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Arkansas's Justice Reinvestment Approach: Enhancing Local Mental Health Services for People in the Criminal Justice System

NCJ Number
Date Published
May 2017
4 pages
This report reviews Arkansas's legislation that is intended to address the challenge of a 21-percent growth in the State's prison population between 2012 and 2015, the highest increase in the Nation during that period.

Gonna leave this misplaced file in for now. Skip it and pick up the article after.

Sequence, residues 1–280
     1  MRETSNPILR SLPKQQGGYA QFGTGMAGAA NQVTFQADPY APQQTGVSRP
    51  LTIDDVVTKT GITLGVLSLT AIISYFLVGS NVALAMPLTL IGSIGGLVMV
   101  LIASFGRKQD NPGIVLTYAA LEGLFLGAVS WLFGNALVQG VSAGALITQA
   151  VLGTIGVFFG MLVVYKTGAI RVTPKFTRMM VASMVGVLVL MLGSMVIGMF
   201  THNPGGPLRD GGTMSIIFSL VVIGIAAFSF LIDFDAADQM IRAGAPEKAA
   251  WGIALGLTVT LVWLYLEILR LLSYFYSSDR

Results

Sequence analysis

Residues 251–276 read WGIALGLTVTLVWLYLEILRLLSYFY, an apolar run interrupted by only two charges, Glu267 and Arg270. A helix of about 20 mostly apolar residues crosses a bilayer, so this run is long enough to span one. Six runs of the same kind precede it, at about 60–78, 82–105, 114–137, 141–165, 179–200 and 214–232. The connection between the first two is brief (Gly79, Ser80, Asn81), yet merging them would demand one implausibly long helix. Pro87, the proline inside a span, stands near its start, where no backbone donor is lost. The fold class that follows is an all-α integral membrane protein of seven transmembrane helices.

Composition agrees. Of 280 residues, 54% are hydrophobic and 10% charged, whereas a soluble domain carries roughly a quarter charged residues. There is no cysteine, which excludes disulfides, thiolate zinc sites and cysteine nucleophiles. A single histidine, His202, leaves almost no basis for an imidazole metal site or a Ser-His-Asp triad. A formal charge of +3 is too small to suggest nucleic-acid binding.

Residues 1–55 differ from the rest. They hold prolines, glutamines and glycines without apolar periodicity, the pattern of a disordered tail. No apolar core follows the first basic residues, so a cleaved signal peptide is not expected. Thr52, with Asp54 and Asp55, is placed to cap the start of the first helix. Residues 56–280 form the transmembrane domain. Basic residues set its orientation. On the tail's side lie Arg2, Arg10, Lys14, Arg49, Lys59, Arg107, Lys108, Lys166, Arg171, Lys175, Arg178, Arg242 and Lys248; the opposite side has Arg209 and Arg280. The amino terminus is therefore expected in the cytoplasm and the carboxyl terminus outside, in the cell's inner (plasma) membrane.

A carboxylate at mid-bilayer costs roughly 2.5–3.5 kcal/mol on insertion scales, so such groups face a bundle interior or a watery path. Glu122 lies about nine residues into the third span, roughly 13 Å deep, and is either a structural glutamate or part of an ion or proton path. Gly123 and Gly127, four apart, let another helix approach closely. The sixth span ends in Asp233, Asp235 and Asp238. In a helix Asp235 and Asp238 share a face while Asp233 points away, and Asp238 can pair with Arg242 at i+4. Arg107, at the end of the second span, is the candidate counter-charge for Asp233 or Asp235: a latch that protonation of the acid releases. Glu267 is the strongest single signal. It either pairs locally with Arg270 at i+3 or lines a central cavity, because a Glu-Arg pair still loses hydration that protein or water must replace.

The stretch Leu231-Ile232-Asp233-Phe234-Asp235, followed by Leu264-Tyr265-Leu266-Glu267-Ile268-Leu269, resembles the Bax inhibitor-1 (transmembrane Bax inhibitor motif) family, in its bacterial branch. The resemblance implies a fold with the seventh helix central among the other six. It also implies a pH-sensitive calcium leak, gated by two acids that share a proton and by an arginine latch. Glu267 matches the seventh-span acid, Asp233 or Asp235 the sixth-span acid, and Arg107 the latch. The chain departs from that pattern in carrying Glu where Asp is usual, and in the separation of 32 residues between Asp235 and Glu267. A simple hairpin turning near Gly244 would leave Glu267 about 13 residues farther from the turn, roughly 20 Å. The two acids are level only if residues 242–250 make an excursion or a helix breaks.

Arkansas's prisons are currently at capacity, and county resources are strained due to a backlog of people who are held in jail while awaiting transfer to prison after sentencing. In addressing these issues, in March 2017, Arkansas legislators passed Act 423, which mandates policies designed to make better use of State and local resources in three ways. First, it limits incarceration periods for people sanctioned for low-level violation of the terms of their supervision. Second, it requires training for law enforcement officers in how to respond to people who are experiencing a mental health crisis. Third, it creates local crisis stabilization units that enable law enforcement officers to divert people with mental illnesses who commit low-level offenses away from county jails to receive mental health treatment in the community. Implementation of these policies is expected to avert hundreds of millions that would be required to construct and staff new prisons. These anticipated savings will be reinvested in areas important for improving outcomes for people under supervision. Act 423 is expected to reduce the projected growth in the prison population by nearly 10 percent by fiscal year 2023, averting corrections costs by just over $288 million. A summary of Act 423 is provided. 1 figure